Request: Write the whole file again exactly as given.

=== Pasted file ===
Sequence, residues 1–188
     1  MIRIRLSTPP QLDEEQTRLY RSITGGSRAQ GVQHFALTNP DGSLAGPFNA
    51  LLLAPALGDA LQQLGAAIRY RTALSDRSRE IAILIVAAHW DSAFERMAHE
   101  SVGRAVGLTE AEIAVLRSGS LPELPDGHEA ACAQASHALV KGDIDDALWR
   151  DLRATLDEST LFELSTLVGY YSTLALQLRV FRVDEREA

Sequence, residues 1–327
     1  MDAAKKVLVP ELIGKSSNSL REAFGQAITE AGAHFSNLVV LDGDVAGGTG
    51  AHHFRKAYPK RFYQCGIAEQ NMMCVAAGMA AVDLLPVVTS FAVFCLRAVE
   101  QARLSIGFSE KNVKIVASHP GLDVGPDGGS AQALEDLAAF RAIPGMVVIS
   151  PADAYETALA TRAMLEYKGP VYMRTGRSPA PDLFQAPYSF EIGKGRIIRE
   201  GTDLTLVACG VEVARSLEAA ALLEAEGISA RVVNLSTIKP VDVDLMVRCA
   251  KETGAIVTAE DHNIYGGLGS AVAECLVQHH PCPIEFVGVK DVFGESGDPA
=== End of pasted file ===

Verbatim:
Sequence, residues 1–188
     1  MIRIRLSTPP QLDEEQTRLY RSITGGSRAQ GVQHFALTNP DGSLAGPFNA
    51  LLLAPALGDA LQQLGAAIRY RTALSDRSRE IAILIVAAHW DSAFERMAHE
   101  SVGRAVGLTE AEIAVLRSGS LPELPDGHEA ACAQASHALV KGDIDDALWR
   151  DLRATLDEST LFELSTLVGY YSTLALQLRV FRVDEREA

Sequence, residues 1–327
     1  MDAAKKVLVP ELIGKSSNSL REAFGQAITE AGAHFSNLVV LDGDVAGGTG
    51  AHHFRKAYPK RFYQCGIAEQ NMMCVAAGMA AVDLLPVVTS FAVFCLRAVE
   101  QARLSIGFSE KNVKIVASHP GLDVGPDGGS AQALEDLAAF RAIPGMVVIS
   151  PADAYETALA TRAMLEYKGP VYMRTGRSPA PDLFQAPYSF EIGKGRIIRE
   201  GTDLTLVACG VEVARSLEAA ALLEAEGISA RVVNLSTIKP VDVDLMVRCA
   251  KETGAIVTAE DHNIYGGLGS AVAECLVQHH PCPIEFVGVK DVFGESGDPA